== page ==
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Debut release makes WH a band to watch closely - 90%

NausikaDalazBlindaz, February 18th, 2015

Some very interesting British black metal is emerging from around the country and Birmingham's Wreodan Healh - come on, Google, stop changing their name to "health"! - is one such band. These guys look as if they've had a chequered history, lasting a couple of years a decade ago, then putting the project aside until 2013 when they reformed and now this little demo is the result. It looks more like a single release with just two songs and a short instrumental, and while this does not sound like much for a demo, at least it has put Wreodan Healh on the map and in our reviewing target sights.

Even though this demo is very small by demo standards, it's had a lot of thought and craft put into it as the production is very, very good and the band's sound is solid, really solid, s-o-l-i-d solid, three-dimensional, well-rounded solid. Well, maybe not three-dimensional yet but you know what I mean. After an all-instrumental introduction with a mournful medieval melody and a kitsch movie soundtrack of battleground noises, the demo proper begins with "Kingdom of Ancient Sorrow", a middle-speed straight-ahead BM number with distinct squiggly chord sequences and forceful surging riffs and lively jaunty rhythms. The musicians pick up interesting melodies and riffs as though they had magnets for catching these permanently embedded in their foreheads. There is a heroic quality thanks to good and sparing use of warm-toned synthesiser together with dramatic melodies and a sorrowful lead guitar solo.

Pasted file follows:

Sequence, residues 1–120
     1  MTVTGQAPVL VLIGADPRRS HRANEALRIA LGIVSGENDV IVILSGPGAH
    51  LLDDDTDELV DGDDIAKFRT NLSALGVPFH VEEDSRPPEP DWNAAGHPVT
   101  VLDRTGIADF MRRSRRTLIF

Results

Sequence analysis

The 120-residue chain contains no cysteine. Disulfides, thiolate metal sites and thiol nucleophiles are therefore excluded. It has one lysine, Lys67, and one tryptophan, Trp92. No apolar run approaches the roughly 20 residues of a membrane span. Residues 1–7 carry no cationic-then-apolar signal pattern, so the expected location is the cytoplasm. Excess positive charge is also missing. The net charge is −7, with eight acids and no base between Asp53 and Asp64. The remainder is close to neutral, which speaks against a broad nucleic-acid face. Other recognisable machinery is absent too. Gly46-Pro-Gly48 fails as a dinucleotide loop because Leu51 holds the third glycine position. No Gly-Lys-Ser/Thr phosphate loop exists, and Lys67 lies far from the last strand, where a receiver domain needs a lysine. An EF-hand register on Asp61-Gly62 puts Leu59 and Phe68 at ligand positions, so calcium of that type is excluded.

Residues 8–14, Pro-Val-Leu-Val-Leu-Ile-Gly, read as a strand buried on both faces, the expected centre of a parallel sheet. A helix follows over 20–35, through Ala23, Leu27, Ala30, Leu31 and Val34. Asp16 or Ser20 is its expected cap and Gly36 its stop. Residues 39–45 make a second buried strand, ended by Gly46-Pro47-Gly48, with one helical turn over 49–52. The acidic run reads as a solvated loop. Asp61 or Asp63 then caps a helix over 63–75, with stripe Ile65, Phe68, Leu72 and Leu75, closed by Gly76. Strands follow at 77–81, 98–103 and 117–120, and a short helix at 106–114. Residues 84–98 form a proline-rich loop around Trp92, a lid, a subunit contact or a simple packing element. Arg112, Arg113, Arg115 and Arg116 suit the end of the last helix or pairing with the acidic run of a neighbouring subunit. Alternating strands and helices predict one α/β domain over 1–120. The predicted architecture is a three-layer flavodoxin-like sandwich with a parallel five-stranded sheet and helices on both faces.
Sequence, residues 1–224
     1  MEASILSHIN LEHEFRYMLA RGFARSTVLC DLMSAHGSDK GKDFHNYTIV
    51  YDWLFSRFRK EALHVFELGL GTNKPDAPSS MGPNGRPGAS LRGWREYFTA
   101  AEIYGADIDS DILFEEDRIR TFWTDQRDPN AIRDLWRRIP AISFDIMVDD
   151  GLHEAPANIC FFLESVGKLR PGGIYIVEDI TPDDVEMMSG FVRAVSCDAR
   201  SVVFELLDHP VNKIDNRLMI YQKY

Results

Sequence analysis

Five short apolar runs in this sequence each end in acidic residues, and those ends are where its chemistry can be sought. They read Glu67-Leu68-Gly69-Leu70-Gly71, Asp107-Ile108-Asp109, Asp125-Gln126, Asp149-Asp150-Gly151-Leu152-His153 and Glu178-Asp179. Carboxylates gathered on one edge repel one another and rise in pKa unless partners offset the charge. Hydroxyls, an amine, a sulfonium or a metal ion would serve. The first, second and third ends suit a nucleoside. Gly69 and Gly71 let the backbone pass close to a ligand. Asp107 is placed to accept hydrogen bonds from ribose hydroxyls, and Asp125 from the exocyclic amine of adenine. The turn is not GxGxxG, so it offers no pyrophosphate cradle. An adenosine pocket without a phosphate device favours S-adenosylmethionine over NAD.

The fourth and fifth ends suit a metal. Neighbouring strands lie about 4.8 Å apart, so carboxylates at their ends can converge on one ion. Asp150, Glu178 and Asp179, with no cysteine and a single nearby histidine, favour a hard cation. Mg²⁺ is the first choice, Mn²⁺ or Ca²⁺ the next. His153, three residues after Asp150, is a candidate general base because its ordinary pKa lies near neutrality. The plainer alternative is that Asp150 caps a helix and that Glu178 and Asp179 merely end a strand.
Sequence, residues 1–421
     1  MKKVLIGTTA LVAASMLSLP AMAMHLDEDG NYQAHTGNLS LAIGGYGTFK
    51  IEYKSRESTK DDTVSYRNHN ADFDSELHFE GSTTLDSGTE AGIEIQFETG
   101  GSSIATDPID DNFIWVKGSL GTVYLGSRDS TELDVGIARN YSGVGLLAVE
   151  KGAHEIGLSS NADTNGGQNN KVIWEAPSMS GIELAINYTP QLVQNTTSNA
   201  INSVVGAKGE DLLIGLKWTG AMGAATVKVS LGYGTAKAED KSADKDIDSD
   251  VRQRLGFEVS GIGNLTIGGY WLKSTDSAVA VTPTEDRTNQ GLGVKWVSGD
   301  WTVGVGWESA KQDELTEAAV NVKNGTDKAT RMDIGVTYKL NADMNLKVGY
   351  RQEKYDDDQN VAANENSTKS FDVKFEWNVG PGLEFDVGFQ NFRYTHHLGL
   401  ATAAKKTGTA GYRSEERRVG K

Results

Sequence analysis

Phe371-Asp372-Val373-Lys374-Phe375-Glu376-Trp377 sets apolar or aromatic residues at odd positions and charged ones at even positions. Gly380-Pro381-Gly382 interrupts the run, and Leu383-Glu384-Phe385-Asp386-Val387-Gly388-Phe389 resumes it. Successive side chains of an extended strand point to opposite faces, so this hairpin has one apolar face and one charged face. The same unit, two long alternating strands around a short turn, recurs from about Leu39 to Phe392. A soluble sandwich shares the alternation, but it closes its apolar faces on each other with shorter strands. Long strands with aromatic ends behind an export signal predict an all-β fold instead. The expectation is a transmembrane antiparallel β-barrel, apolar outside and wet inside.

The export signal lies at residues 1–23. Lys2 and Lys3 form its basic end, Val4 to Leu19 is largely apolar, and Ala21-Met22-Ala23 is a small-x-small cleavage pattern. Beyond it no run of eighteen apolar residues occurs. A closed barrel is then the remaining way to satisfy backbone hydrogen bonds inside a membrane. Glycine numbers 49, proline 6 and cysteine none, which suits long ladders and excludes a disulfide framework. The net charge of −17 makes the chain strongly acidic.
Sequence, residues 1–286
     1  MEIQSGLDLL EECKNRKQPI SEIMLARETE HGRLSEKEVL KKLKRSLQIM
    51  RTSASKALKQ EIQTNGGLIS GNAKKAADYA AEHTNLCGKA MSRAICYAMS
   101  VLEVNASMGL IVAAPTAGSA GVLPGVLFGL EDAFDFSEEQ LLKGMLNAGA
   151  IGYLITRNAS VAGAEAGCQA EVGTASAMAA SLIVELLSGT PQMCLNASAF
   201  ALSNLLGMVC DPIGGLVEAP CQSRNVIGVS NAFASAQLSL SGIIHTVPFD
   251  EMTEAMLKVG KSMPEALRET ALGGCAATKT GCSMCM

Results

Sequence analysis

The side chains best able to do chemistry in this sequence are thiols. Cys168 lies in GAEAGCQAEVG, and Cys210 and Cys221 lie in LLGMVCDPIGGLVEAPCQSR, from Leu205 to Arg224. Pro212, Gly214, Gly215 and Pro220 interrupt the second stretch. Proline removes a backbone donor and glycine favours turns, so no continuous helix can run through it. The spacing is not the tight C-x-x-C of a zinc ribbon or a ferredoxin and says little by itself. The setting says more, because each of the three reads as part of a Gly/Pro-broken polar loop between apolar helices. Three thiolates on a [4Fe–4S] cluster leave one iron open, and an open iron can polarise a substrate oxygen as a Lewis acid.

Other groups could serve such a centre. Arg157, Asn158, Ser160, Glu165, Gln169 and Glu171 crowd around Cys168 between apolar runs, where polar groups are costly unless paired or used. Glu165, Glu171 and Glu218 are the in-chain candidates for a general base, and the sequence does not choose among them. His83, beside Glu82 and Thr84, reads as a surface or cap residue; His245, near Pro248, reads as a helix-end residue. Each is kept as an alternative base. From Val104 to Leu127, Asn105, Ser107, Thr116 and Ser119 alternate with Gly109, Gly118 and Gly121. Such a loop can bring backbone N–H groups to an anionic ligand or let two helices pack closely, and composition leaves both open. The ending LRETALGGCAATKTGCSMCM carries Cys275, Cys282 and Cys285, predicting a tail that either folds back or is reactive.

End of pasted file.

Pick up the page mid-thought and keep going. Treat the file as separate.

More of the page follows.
"Towers Over Desolate Realms" has a lovely acoustic string introduction that leads into attack-dog tremolo guitar - blastbeat drum battery and a very stirring folk tune played on synths. The grim BM singing is crabby and dry with some spoken vocal. More subdued in some ways than "Kingdom ...", this song features some very beautiful and stirring music for most of its length, and it's almost a shame that the song ends when it does and quite abruptly too - I think I might get post-traumatic sudden-song-end stress disorder from this.

Usually the sub-genre of dungeon folk BM doesn't appeal much to me but this demo is a great little recording of thoughtful song-writing and arrangements with excellent melodies and an atmosphere of (well, highly romanticised) feudal times and maybe even of pre-Roman days when druids held sway as Britain's political and spiritual leaders and guides. There is some real drama building up in the second track and this might actually be the better song of the two. Wreodan Healh is most definitely a band to watch closely!